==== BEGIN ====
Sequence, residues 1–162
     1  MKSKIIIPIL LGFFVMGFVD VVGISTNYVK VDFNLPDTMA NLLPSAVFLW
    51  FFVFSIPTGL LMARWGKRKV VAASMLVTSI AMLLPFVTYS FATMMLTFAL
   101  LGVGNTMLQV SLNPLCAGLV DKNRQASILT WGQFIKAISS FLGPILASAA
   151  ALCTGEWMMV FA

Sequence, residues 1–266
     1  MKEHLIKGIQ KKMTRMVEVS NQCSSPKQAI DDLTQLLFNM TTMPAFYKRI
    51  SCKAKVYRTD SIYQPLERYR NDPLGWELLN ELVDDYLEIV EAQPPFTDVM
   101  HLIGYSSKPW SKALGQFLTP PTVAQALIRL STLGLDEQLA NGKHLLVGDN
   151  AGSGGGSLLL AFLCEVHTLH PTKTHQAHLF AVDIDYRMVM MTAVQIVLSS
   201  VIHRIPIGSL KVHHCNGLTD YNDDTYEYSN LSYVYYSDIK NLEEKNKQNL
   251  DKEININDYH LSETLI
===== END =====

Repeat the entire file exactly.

Sequence, residues 1–162
     1  MKSKIIIPIL LGFFVMGFVD VVGISTNYVK VDFNLPDTMA NLLPSAVFLW
    51  FFVFSIPTGL LMARWGKRKV VAASMLVTSI AMLLPFVTYS FATMMLTFAL
   101  LGVGNTMLQV SLNPLCAGLV DKNRQASILT WGQFIKAISS FLGPILASAA
   151  ALCTGEWMMV FA

Sequence, residues 1–266
     1  MKEHLIKGIQ KKMTRMVEVS NQCSSPKQAI DDLTQLLFNM TTMPAFYKRI
    51  SCKAKVYRTD SIYQPLERYR NDPLGWELLN ELVDDYLEIV EAQPPFTDVM
   101  HLIGYSSKPW SKALGQFLTP PTVAQALIRL STLGLDEQLA NGKHLLVGDN
   151  AGSGGGSLLL AFLCEVHTLH PTKTHQAHLF AVDIDYRMVM MTAVQIVLSS
   201  VIHRIPIGSL KVHHCNGLTD YNDDTYEYSN LSYVYYSDIK NLEEKNKQNL
   251  DKEININDYH LSETLI